Sol Duc Hot Springs is a bit of a journey if you live in Seattle. It involves a ferry ride from downtown Seattle, then a drive past Port Angeles and Lake Crescent and then 13 miles up a dead end road along the Sol Duc river. It is so, so worth it for the relaxing hot springs, the beautiful rainforest and the impressive Sol Duc Falls. It’s about a two and a half hour drive from the ferry (Kingston or Bainbridge ferry terminal). An important thing to note is that Sol Duc Hot Springs road, and the Hot Springs pools, campground, cabins and trailhead are only open from late March through late October.
Camping at Sol Duc Hot Springs
I highly recommend getting a reservation at the Sol Duc Campground (one of two campgrounds in Olympic National Park that you can reserve ahead of time). You can also reserve cabins here. It’s hard to show up and find camping on the Olympic Peninsula in the summer, and I have spent more than one night driving from campground to campground and eventually sleeping in the car, which is a total drag.
The campground is forested and looks like middle earth:
Swimming at Sol Duc Hot Springs
Once you get settled into the campground (or your cabin if you go that route), then walk the half mile over to Sol Duc Hot Springs for some swimming! There is also a coffee shop and giftshop (with an excellent book selection) and changing rooms and showers (you can also buy swimsuits and towels just in case). They have four pools, one that is cold and the largest (and has lap lanes). Then it has three hot pools (they are not all the same temperature). One of them is open to kids, the other two are not. They are basically like big hot tubs. One has a fountain in it. While in the pools, you are surrounded by mountains and evergreen trees. I can’t imagine anything more pacific coast than that. The cost for the hot springs is $15 for adults and $11 for kids.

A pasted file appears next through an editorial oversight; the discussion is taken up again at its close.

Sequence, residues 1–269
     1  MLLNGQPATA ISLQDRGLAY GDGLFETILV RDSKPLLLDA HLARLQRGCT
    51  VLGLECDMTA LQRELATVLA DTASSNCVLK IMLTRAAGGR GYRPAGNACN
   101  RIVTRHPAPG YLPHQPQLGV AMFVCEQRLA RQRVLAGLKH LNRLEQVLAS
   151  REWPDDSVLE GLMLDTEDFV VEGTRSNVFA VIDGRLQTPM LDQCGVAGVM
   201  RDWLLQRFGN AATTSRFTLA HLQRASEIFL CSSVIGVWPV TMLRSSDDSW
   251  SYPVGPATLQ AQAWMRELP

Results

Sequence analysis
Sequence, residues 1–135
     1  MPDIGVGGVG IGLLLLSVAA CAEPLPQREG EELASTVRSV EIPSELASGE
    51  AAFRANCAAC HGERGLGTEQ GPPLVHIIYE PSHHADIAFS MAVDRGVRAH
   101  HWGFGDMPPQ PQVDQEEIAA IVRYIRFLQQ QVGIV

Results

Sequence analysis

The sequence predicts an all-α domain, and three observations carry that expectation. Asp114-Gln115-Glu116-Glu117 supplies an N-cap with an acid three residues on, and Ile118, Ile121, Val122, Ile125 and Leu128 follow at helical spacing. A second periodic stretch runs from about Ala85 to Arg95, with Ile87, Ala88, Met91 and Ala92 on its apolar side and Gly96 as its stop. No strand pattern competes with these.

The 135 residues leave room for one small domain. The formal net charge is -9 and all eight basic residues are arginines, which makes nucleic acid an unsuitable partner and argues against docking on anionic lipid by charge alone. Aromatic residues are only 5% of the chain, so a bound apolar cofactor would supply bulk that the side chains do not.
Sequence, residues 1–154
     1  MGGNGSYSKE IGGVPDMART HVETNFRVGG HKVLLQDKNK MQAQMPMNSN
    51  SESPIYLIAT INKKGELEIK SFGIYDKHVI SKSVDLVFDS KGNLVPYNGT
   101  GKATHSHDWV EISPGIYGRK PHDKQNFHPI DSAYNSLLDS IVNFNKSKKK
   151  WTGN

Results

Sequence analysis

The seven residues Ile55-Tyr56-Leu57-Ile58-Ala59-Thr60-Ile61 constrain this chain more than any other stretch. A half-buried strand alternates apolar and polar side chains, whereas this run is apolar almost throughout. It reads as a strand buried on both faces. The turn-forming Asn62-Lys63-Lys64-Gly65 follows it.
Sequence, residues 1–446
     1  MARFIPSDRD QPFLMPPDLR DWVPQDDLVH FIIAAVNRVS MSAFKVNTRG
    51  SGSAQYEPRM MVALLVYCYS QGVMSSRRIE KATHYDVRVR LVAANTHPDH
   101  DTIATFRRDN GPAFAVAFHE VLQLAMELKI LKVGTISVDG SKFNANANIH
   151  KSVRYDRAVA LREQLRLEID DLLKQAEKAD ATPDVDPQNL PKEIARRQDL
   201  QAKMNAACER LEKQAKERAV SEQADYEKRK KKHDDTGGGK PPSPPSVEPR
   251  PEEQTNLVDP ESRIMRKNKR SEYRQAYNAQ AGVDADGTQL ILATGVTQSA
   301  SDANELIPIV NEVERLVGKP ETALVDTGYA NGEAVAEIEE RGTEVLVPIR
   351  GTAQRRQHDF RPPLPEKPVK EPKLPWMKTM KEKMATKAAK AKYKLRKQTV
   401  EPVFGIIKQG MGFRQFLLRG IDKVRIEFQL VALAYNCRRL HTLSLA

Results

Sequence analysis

Hiking to Sol Duc Falls
You can hike directly from the campground or cabins to Sol Duc Falls by the Lover’s Lane Trail, which makes for a wonderful 7 mile loop with about 500 feet of elevation gain. You walk through the forest along the Sol Duc River until you reach spectacular Sol Duc Falls, pictured at the top of this post.
If you want to make a shorter trip, you can drive to the end of Sol Duc Hot Springs road to the trailhead at the end of the road, making it only a 1.5 mile hike round trip to the falls.
If you want to make it a longer trip, the Sol Duc trail goes many miles further up into the mountains and connects to more high country trails, so you can basically make a hike as long as you want from this location (you can even get a backcountry permit and spend a few days up there).